Will I get any questions on my exam that I don’t see while studying on HamStudy.org?
It depends on how you study. The question pools are publicly available — you can download them online for free. This means that any competently developed study program for Amateur Radio has the potential to give you all possible questions.
Where things get tricky, though, is that far too many people rely solely on practice exams to study. Even with HamStudy.org this will not guarantee that you see all the questions.
A well-designed practice exam is exactly what it says — an exam generated exactly like a real exam would be. HamStudy.org’s practice tests work just this way. What this means, though, is that even if you take 30 practice exams you may not see all of the questions!
We at HamStudy.org consider this to be a Bad Thing. Therefore, we created the flashcards. See the next question for exactly how they work, but if you use the flashcards correctly you will see every question in the pool — not just see, but learn, as the ones that you need will be repeated for you. You can also look at the charts to see how much of the pool you have seen and which areas you need to work on the most.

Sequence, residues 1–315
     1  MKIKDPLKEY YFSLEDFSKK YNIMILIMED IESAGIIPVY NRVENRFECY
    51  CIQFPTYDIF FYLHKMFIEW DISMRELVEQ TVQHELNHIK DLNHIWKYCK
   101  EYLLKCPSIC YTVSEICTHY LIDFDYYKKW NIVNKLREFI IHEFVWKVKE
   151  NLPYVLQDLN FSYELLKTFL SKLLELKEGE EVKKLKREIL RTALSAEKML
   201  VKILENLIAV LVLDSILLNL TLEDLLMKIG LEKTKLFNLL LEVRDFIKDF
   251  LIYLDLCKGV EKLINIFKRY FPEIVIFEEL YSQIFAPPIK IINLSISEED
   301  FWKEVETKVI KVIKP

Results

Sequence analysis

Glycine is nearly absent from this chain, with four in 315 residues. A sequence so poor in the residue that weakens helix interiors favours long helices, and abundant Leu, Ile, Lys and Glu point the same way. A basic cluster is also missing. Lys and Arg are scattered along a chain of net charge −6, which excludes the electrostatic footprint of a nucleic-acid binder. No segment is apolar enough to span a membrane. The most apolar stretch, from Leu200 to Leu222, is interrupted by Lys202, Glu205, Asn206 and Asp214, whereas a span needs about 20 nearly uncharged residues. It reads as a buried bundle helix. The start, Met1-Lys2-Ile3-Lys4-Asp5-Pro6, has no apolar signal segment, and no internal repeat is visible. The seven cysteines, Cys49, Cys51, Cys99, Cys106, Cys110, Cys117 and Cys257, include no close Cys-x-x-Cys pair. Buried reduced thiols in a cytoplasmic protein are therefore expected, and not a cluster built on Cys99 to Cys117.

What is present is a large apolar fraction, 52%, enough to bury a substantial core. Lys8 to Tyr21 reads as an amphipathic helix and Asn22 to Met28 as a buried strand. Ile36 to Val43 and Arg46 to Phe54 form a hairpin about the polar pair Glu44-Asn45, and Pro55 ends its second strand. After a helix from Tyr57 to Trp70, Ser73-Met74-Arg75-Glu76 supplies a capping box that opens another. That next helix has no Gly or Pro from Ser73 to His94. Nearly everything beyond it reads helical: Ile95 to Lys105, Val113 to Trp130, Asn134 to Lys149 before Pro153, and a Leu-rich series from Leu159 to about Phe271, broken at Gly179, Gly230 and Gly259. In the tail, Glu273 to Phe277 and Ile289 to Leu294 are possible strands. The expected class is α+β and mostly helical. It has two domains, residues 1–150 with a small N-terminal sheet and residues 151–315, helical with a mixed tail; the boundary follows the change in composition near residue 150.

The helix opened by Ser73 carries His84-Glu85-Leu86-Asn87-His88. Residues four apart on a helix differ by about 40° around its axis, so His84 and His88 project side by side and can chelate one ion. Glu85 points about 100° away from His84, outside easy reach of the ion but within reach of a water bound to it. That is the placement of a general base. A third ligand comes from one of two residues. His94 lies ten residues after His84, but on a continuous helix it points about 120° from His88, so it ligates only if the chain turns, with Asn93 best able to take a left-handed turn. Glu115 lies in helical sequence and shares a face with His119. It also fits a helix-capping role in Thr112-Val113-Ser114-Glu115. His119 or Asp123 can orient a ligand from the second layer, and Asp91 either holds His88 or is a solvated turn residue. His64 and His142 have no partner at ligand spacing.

Pretty slick, eh?
How do the flashcards work? How are questions chosen?
The flashcards work on a learning algorithm that ranks questions based on these criteria:
- Whether or not you have seen the question
- Whether or not you have answered it correctly
- How many times you have seen the question
- How recently you have answered it correctly
- How you have done the last 10 times you have seen the question
- What percentage of people answered this question correctly the first time they saw it.
The flashcards use a sliding scale to determine which “rank” of question to choose next. This sliding scale attempts to balance easy/review questions and hard/challenging questions in such a way that it keeps you challenged but not too frustrated to continue.
Can I narrow down my FlashCard studies?
You sure can! At the top of the flashcard screen you will see “Technician Flash Cards: All”. (Of course, the pool name will vary).